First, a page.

Getting a Handle on Virtualization's Costs

Share it on Twitter  
Share it on Facebook  
Share it on Linked in  
Slide Show

When Is It Right for a Business to Consider Desktop Virtualization?

Tips for determining whether desktop virtualization is right for your business.

It's a given: Virtualization saves you money. Increased utilization reduces your hardware requirements, which lowers costs in both capital and operating budgets. What's not to like?

It turns out, plenty. In the first place, much of the cost savings pitched by the virtualization crowd can be illusory, depending on how well you've structured your overall data environment. As Forrester's James Staten pointed out to Computerworld recently, increased costs outside of the server farm, mainly in storage, is the main reason why so many enterprises are experiencing the dreaded "virtual stall" - the point at which increased virtualization fails to deliver on its initial promises.

At the heart of this problem lies a fundamental oversight on the part of many CIOs. There simply is not enough awareness of current infrastructure costs and benefits, so it's nearly impossible to tell whether virtualization or any other significant upgrade, like the cloud, is truly living up to its promises. This is primarily due to a lack of appropriate resources. According to Alex Bewley, CTO of Uptime Software, there is no shortage of tools for measuring things like availability and performance, but there is a clear lack of systems aimed at measuring workload/application costs and sounding alarms when predetermined thresholds are crossed.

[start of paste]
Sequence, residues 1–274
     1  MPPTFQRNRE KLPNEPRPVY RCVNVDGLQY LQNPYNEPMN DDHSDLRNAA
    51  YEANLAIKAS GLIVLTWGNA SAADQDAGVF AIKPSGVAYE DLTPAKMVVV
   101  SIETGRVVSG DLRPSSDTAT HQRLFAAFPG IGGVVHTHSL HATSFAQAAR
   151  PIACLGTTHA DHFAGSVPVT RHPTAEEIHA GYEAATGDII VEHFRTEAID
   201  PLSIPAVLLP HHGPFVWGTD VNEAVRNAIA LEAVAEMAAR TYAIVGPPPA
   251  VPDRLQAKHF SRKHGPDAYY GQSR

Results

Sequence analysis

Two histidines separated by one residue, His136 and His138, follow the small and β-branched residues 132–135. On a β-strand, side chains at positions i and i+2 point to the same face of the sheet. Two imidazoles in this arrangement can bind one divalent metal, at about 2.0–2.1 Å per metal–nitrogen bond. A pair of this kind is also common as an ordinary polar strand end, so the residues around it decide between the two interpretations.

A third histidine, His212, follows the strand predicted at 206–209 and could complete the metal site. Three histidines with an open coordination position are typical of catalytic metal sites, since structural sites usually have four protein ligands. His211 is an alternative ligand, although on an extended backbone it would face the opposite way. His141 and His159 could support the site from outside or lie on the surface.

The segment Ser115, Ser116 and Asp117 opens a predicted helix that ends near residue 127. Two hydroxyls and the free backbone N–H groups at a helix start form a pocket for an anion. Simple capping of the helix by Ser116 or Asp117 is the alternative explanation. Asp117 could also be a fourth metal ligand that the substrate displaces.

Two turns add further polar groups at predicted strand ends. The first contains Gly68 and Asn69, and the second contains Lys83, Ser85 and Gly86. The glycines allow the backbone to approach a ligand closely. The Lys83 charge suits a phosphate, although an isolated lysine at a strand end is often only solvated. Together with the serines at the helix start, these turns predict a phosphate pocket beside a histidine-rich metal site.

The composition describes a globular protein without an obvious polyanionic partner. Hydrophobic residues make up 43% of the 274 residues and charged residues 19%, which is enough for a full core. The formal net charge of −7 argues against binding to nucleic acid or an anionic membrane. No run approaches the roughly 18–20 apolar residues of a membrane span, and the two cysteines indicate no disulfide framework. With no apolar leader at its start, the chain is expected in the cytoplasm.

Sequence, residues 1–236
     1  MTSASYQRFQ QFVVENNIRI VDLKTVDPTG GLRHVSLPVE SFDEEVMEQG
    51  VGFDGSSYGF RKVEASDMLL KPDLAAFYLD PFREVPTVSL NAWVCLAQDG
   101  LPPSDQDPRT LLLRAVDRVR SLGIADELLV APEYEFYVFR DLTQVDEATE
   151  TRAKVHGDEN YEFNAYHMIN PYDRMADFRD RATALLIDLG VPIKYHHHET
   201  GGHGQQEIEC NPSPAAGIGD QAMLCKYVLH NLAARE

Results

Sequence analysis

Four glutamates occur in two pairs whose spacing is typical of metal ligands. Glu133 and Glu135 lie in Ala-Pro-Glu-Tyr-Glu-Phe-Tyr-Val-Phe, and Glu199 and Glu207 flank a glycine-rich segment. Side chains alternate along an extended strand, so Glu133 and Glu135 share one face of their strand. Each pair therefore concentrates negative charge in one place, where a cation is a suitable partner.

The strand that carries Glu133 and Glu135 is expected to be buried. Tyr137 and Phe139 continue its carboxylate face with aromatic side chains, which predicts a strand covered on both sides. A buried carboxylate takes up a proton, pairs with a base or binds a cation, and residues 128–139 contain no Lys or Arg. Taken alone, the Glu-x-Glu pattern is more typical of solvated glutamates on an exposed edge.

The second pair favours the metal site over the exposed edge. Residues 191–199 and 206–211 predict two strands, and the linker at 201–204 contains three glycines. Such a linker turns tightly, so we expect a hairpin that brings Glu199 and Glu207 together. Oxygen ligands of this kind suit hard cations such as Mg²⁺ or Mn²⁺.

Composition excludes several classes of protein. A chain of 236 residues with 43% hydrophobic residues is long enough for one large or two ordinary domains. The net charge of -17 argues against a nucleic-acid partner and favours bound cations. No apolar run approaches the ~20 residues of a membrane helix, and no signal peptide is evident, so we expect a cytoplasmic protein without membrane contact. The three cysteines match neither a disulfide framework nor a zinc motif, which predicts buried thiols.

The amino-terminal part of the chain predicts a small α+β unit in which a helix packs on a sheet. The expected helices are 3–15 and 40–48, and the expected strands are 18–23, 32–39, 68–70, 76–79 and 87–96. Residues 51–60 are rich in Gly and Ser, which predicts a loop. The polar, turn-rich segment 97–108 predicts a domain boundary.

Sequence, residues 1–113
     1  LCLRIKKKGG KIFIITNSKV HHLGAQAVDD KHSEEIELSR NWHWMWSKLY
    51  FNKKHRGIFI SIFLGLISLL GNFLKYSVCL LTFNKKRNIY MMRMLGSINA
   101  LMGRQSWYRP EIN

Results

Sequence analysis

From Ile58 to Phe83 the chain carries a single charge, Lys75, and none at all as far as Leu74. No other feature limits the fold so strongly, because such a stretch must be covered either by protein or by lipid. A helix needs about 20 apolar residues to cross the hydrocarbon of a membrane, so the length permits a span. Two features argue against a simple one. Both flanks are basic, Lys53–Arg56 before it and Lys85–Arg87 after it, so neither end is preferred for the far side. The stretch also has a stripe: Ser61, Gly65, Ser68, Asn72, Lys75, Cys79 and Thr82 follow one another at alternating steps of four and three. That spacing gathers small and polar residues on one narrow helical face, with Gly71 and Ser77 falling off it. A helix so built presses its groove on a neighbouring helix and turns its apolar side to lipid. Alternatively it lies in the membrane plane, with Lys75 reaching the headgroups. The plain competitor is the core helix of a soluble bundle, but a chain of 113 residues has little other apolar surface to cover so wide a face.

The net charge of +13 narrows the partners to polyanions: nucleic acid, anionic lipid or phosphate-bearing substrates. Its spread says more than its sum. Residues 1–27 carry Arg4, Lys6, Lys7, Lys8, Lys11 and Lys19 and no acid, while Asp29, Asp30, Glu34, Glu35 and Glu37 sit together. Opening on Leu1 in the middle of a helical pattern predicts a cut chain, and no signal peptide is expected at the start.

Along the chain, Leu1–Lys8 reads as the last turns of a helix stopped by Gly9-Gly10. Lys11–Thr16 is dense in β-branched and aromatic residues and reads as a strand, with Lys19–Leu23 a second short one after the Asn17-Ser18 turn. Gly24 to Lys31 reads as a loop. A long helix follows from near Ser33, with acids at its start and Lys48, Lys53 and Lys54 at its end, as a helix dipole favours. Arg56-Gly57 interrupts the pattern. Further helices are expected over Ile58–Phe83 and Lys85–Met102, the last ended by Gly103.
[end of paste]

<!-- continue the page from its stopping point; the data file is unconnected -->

That may be about to change as enterprises become more savvy about what to expect from virtual/cloud technologies. Software developer VMTurbo, for example, has built a new "monetary evaluation tool" into its Virtualization Management Suite, which includes a financial calculator and simulation capabilities to gauge the cost impact of various virtualization functions like VM deployment and cluster reorganization. The package also includes a wide range of metrics for evaluating network latency, storage efficiency and resource utilization.

All the tools in the world, though, won't provide much help if your virtual strategy is incomplete. Rather than simply launching a virtualization program and hope for the best, it would be much better to institute an overall cost optimization plan that may or may not include varying levels of virtualization, according to Yisrael Dancziger, president and CEO of SaaS provider Digital Fuel. Under that mindset, you can more accurately determine where and how virtualization can be deployed for maximum cost/benefit.

The good thing about virtual infrastructure is that it is an abstract riding atop the physical layer. That means it can be easily retooled and reworked to suit changing requirements. If, upon further analysis, the original assumptions surrounding a virtual environment prove incorrect, the remedy will be much easier to swallow than if a physical deployment has to be undone.

In the end, it makes it easier to live up to the old adage, "If at first you don't succeed ..."